Pawnbroking business Albemarle & Bond has appointed administrators after its lending banks were unable to support a management turnaround plan.
The company filed a notice of intention yesterday (25 March) to appoint four insolvency practitioners from PwC as joint administrators to Albemarle “as soon as is practically possible”.
In an update, it revealed there would be “no realistic prospect” of any value being attributed to ordinary shares.
Mike Jervis, Peter Dickens, Toby Underwood and Stuart Maddison of PwC have been appointed as joint administrators of Albemarle & Bond Holdings plc, Albemarle & Bond Jewellers & Pawnbrokers Limited and Herbert Brown & Son Limited, which trade as Albemarle Bond and Herbert Brown today (26 March).
Jervis, joint administrator and partner at PwC, said: “The group expanded its branch portfolio in the period to early 2013 and ended up with too many underperforming outlets. It then explored a rights issue to raise funds, before attempting a solvent sales process. Together, these efforts lasted more than six months. Despite this history many different parts of the group, and large swathes of its shops, remain profitable.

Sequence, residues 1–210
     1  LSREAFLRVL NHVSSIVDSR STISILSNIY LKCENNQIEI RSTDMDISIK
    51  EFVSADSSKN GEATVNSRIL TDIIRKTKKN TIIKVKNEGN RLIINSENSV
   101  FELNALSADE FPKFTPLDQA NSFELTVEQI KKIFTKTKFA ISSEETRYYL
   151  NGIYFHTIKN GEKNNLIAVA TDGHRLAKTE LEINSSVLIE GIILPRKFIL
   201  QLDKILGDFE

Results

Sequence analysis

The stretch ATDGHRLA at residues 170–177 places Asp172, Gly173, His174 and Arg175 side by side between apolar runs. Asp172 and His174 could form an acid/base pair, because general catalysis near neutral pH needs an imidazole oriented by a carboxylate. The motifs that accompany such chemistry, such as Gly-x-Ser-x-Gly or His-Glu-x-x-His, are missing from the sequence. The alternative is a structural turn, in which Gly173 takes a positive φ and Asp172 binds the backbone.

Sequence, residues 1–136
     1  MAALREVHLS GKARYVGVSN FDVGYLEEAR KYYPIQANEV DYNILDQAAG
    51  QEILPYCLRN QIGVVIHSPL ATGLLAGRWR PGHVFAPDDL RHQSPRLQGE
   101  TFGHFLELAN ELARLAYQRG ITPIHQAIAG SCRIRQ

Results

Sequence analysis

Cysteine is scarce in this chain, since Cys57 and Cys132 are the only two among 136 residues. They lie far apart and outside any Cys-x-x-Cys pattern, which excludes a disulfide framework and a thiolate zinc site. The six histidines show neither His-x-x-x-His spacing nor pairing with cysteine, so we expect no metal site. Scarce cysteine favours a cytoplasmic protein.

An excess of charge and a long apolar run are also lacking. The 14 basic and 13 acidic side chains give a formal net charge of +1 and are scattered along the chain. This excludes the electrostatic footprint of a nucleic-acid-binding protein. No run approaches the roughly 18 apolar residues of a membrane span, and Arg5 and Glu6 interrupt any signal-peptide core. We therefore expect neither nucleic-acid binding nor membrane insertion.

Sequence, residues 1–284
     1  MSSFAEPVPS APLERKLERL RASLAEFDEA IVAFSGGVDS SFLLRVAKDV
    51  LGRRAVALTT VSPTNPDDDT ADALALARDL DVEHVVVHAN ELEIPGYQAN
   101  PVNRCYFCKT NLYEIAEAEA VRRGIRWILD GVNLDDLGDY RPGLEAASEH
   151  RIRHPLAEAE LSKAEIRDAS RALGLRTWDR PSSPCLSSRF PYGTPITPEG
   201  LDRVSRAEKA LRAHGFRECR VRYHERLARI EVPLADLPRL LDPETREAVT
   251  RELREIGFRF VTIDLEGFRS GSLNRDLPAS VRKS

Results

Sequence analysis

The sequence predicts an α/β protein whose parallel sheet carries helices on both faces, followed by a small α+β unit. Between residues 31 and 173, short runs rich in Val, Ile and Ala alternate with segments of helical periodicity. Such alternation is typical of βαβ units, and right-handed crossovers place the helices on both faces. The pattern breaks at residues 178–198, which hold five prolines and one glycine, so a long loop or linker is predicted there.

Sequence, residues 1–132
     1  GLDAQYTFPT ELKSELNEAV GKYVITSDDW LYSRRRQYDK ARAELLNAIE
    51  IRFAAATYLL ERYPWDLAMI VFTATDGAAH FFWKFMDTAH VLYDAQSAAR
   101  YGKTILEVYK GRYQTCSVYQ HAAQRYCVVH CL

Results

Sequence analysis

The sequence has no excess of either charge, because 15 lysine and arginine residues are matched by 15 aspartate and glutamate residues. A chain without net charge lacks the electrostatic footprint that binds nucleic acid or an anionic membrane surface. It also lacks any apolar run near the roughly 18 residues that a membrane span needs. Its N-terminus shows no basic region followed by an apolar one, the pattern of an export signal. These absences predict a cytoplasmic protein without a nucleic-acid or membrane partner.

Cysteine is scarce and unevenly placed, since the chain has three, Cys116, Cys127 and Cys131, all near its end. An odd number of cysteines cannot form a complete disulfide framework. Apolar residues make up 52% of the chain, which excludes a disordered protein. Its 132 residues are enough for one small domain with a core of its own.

“Our priority is to keep all pledged items safe and available for redemption as normal. We plan to sell all or part of the business to protect as many jobs as possible and we have already paid, or will be paying all staff – including accrued bonuses – as normal in March. Also, all landlords have been paid.
“However, some redundancies may be necessary depending on the outcome of efforts to sell the business. Every branch will initially remain open as sale discussions progress. This also enables customers to continue to redeem their goods as normal as they pay off their loans.
“The group and PwC are doing all that they can to support employees through this difficult time and will work with government agencies in order to support anyone affected by potential redundancies.”
The board was informed on Monday (24 March) that the company does not consider the possible options being explored by its lenders and the board as “capable of being completed”.
A statement said: “As a result and due to the continuing trading losses of the company, the board has concluded not to request a further extension of the covenant deferral beyond 31 March 2014.
“Consequently, and in the absence of any other available facilities from its lenders or elsewhere, the company will shortly be unable to meet its liabilities as they fall due.”
The company ran into trouble last year when it revealed it was melting down gold reserves to raise cash and put itself up for sale in December.
By Ellie Duncan